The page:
1. 7
  1. 18

    I find this article & much of the FP community somehow completely misses the point of OO.

    I’m not an expert of OO to provide great claims, but I can say that working in ruby made me see it really is a beautiful way to handle state in certain cases & has value.

    How can you completely write-off an entire paradigm/philosophy?

    In general there’s a lack of respect for many languages that don’t fit the cool/obscure criteria. Most languages were designed for quite a long period of time, if nothing else give some respect to all the time spent & try to understand the design choices that were made. People don’t add or omit features purely out of ignorance of FP or types.

    Not every language needs to protect people from mistakes. Not every language needs to have a sound type system or one at all. Not every language even has to have a novel feature.

    But every language will have a vision, which I think more often than not is not purely semantics/feature based. Ecosystems are part of the language. The philosophies of the creator is part of the language. Etc.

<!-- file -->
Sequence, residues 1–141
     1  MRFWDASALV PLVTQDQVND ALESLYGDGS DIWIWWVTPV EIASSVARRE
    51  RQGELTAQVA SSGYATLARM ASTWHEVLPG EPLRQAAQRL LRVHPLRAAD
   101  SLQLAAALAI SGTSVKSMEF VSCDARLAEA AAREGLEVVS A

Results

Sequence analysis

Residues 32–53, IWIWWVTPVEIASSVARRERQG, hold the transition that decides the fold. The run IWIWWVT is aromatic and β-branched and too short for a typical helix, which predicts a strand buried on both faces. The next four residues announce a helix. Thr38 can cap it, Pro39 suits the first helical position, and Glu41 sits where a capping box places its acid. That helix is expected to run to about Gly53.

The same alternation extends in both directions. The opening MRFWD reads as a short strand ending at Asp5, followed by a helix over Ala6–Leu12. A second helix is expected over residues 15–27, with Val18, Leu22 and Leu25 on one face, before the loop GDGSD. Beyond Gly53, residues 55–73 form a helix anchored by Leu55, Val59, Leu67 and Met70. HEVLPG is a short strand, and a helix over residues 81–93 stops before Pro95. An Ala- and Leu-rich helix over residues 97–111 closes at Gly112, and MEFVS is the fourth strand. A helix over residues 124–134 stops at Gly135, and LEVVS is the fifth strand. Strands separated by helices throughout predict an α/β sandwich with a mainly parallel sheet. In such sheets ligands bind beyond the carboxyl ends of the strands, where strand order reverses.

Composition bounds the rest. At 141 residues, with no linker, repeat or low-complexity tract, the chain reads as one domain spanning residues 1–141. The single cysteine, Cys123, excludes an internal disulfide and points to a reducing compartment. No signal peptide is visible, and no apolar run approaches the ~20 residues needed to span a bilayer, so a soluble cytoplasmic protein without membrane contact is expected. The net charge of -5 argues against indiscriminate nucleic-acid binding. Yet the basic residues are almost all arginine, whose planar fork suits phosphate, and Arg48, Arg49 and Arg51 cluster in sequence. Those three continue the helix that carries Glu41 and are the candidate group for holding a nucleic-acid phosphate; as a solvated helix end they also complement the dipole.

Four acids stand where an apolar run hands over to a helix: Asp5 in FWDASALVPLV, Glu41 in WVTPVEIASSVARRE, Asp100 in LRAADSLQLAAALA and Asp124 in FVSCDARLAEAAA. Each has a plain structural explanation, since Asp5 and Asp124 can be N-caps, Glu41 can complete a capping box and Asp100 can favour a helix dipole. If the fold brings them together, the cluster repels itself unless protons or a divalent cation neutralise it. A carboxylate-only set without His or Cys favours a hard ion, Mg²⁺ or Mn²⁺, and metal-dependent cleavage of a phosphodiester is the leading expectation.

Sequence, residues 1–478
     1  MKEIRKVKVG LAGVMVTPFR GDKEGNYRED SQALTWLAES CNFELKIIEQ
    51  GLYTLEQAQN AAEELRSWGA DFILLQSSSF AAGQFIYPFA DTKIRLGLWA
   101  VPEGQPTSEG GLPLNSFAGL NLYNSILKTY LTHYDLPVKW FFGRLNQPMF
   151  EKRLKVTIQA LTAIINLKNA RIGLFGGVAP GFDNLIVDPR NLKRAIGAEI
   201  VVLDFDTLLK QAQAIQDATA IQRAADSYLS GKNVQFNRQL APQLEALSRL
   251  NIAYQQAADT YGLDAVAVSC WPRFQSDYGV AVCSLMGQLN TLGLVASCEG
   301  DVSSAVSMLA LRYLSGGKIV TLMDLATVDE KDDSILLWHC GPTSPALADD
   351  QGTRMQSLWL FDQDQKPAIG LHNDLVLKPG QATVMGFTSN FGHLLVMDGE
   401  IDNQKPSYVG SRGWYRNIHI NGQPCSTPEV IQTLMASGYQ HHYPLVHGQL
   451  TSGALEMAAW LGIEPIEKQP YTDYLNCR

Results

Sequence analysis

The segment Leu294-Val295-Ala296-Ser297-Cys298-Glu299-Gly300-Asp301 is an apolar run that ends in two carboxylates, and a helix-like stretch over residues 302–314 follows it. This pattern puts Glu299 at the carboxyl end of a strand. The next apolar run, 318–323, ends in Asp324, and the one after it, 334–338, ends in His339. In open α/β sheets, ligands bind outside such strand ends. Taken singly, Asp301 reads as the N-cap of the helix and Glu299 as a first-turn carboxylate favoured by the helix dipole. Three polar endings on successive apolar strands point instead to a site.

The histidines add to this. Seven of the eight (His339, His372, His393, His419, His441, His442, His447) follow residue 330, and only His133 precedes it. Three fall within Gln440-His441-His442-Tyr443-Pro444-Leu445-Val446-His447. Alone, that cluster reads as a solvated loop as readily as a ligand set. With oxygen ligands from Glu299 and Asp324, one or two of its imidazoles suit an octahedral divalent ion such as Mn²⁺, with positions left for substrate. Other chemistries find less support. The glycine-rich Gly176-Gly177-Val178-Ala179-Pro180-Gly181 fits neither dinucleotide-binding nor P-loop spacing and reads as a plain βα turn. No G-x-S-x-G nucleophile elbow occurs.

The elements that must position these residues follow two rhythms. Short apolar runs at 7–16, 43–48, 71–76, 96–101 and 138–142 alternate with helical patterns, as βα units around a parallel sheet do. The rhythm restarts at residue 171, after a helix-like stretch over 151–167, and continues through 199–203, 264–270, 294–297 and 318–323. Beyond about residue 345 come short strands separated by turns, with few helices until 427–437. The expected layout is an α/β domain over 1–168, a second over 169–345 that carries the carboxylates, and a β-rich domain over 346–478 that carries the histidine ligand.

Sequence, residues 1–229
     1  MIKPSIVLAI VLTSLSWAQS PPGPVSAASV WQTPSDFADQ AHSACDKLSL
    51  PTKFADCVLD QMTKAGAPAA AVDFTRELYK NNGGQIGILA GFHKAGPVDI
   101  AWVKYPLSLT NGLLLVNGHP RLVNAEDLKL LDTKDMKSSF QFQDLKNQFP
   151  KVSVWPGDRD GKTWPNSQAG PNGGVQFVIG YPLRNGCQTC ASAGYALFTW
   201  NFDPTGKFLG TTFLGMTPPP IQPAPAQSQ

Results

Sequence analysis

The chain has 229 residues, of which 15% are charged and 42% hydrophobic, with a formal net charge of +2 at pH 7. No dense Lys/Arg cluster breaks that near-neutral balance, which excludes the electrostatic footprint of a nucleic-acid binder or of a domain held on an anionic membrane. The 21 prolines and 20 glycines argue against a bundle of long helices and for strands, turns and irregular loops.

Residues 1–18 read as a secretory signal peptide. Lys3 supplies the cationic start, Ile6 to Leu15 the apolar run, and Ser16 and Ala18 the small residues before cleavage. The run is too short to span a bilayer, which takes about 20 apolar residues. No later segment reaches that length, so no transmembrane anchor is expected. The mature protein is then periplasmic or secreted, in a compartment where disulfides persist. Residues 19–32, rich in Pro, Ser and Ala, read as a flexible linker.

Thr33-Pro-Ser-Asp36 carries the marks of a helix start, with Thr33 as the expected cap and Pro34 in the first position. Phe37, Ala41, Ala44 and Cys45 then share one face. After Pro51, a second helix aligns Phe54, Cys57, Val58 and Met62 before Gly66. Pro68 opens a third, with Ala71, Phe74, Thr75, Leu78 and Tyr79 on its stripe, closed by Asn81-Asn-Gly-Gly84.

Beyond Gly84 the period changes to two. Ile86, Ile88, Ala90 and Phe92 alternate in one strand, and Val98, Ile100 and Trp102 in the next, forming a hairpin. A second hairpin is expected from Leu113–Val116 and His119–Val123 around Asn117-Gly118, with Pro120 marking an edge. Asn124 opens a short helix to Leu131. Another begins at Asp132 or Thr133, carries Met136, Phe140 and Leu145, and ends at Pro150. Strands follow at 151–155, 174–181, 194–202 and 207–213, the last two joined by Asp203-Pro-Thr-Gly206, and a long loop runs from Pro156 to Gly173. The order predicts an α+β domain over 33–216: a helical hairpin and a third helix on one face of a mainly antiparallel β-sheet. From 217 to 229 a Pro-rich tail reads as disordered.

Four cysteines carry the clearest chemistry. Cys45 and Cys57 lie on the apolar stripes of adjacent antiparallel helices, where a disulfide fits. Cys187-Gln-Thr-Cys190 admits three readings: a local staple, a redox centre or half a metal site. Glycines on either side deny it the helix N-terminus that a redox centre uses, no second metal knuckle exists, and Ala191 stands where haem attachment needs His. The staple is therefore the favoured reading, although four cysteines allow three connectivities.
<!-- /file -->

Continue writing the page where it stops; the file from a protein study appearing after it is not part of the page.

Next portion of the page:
It is extremely rare that any feature is strictly better than any other feature.

    1. 8

      I once wrote that there are three kinds of programmers: problem solvers, puzzle solvers, and artists. A lot of times language criticism comes from someone who is in one camp against the other. “Why would I care if a Monad is a monoid in the category of endofunctors when I can make a website in PHP in a weekend of Red Bull?” “Why would I use PHP when the code will be an unmaintainable mess in three years?” “Why would I use a type system that can’t encode all my code’s invariant conditions?” Etc.

      1. 3

        There are similar variations on the “three kinds” argument. On the one hand, it’s important to recognize that different languages have different design goals and different audiences. On the other, the OP summarizes common critiques of classical OO that, perhaps due to a failure of my imagination, do not solve problems for any audience, for example:

        • the brittleness of inheritance and artificial taxonomies in general
        • how prominent shared mutable state is in OO language design
        • how encapsulation does not really solve problems with shared mutable state
        • the awkwardness of “records with overinflated egos” and the “kingdom of nouns” vs. using verbs (functions) to operate on nouns (anything)

        It could be that because OO never clicked for me that I haven’t been motivated to look for useful patterns that are unique to classical OO outside what I encounter in my day job. In any case, my hope is that, as so many languages evolve into a multi-paradigmatic soup, the OO inertia will dissolve and the choice will be amongst better or worse application design patterns rather than programming language tribes.

      2. 2